Fake DirectX12 download site installs crypto-stealing malware

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It seems malware owners have found a new way to trick users into installing their software, and unfortunately, Google is helping.

Security researcher Oliver Hough discovered that hackers have created a fake DirectX 12 download site, which appears fully formed with a security certificate, privacy policy, disclaimer, DMCA policy and more, but which instead pushes malware that will scan your PC for private information.


That information includes items such as a screenshot of your desktop, your PC detail, cookies and importantly any crypto-currency wallets you may have, with the malware searching for Ledger Live, Waves.Exchange, Coinomi, Electrum, Electron Cash, BTCP Electrum, Jaxx, Exodus, MultiBit HD, Aomtic, and Monero.

The information is then saved in a temporary directory and uploaded to the hacker’s network.

The approach is part of a new wave of hackers using faked but legitimate-looking download pages, with us reporting recently of hackers faking Microsoft Store pages and Spotify download pages. Other download pages which have been cloned include ProtonVPN, Windows system cleaners, and BleachBit.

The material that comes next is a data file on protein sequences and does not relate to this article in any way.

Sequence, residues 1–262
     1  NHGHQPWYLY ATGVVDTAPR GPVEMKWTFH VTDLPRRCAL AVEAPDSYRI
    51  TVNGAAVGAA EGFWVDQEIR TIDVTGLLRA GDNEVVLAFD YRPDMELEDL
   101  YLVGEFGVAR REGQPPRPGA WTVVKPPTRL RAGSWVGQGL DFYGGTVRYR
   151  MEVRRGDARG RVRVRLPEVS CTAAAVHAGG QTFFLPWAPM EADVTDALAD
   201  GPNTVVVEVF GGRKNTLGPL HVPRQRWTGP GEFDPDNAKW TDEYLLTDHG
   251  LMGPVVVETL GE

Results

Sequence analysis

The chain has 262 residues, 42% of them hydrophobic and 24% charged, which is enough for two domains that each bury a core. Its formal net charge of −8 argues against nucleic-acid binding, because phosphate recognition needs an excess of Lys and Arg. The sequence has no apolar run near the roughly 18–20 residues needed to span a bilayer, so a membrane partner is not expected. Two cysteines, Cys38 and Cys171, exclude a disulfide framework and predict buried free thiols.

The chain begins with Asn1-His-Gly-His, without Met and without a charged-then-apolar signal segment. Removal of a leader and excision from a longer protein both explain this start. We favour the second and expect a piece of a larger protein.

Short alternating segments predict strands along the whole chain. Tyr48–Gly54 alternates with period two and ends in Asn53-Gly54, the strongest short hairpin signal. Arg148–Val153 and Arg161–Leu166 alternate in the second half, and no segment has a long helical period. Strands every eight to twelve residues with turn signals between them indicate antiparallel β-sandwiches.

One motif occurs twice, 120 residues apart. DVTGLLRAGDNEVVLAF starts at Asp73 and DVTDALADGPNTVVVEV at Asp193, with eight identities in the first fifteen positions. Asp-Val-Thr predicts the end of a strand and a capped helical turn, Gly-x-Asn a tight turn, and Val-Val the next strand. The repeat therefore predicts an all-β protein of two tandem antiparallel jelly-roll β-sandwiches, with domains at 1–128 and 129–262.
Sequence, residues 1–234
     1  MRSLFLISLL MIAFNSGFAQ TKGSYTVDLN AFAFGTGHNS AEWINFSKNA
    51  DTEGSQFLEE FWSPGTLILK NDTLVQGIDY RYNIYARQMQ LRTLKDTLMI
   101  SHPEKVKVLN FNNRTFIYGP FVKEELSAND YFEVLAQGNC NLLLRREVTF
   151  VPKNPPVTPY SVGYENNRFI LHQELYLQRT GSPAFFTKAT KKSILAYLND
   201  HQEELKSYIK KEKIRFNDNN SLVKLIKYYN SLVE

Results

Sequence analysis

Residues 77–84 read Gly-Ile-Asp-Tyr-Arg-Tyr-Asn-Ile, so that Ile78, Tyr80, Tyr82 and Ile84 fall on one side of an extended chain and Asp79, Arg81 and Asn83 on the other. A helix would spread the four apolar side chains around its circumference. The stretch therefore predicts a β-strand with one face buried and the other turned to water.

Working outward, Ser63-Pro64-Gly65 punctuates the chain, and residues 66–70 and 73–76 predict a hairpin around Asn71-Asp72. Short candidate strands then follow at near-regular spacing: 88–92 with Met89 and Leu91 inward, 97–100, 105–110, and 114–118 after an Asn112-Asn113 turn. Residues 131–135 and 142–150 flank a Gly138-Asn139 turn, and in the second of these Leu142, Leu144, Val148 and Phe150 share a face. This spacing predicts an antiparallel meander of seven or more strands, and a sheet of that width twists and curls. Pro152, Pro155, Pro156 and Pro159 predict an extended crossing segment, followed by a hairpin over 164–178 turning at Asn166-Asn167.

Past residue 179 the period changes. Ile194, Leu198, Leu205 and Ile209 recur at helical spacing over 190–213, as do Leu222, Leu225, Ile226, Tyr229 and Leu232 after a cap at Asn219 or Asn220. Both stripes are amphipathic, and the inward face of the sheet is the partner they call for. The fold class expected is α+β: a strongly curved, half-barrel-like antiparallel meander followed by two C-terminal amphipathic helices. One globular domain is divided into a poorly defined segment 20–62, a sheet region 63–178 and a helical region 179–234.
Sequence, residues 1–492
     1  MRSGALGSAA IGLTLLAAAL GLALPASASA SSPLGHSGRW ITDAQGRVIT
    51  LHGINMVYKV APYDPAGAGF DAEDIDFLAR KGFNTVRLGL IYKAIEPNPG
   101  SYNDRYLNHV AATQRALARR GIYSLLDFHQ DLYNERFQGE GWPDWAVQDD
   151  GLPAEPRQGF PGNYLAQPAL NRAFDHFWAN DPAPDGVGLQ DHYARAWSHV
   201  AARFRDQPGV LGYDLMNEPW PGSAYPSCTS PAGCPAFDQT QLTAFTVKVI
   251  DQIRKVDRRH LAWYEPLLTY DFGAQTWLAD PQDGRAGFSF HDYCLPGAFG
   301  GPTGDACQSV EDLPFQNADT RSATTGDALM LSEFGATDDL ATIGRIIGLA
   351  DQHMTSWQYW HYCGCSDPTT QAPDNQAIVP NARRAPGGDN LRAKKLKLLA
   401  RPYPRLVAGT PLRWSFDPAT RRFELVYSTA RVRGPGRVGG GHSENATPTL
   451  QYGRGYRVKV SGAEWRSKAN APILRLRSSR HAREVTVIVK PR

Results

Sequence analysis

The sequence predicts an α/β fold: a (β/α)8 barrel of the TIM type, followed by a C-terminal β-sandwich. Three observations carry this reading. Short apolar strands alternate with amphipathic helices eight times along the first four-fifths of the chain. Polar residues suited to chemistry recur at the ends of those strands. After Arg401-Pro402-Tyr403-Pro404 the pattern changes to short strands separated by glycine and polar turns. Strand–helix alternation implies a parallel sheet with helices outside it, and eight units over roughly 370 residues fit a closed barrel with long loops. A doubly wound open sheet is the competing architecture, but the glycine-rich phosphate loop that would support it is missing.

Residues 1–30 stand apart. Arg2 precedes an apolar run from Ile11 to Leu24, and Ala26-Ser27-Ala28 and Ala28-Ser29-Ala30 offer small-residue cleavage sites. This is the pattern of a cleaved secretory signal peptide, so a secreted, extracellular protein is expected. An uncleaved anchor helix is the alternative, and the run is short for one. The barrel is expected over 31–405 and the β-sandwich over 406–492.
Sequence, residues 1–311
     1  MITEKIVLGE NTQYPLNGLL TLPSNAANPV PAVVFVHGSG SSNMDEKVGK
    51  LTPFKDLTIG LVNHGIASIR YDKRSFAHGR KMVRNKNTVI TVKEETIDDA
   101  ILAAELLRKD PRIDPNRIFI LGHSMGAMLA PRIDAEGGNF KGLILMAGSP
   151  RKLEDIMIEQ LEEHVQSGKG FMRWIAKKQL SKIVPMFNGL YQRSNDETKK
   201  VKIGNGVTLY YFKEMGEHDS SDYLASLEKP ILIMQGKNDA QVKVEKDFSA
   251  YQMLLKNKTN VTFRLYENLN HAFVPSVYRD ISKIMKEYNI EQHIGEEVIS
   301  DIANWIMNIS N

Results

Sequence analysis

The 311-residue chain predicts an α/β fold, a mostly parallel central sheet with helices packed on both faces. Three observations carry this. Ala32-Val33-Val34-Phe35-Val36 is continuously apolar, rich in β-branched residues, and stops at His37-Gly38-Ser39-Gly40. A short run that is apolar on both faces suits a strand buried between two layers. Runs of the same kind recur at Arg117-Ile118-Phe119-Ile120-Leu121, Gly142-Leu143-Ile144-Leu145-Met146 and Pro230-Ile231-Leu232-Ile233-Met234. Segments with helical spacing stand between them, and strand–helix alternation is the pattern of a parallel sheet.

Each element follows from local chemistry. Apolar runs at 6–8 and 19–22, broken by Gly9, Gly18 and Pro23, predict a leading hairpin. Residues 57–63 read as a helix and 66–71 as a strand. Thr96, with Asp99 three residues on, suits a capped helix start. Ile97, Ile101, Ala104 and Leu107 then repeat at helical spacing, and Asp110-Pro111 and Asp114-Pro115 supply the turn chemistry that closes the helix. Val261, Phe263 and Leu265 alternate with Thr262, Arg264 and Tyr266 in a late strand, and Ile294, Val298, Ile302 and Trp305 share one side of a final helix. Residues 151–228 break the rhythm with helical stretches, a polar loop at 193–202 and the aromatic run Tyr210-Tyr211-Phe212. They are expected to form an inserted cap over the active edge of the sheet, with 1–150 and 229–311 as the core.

Hackers have been using hacked websites to link to their fake pages, increasing the page’s Google Search Rank and tricking more users into clicking on their fake download links.

It is therefore increasingly important that users be more vigilant when search for software to download, even when typing “Spotify download” into Google for example, and carefully check a page’s credentials and URL before downloading, and not assume the first link will be the legitimate one.

BleepingComputer notes that ideally, users should stick to the app store built into their PCs, though we have seen even these services being used to push malware.

More about the topics: malware, security

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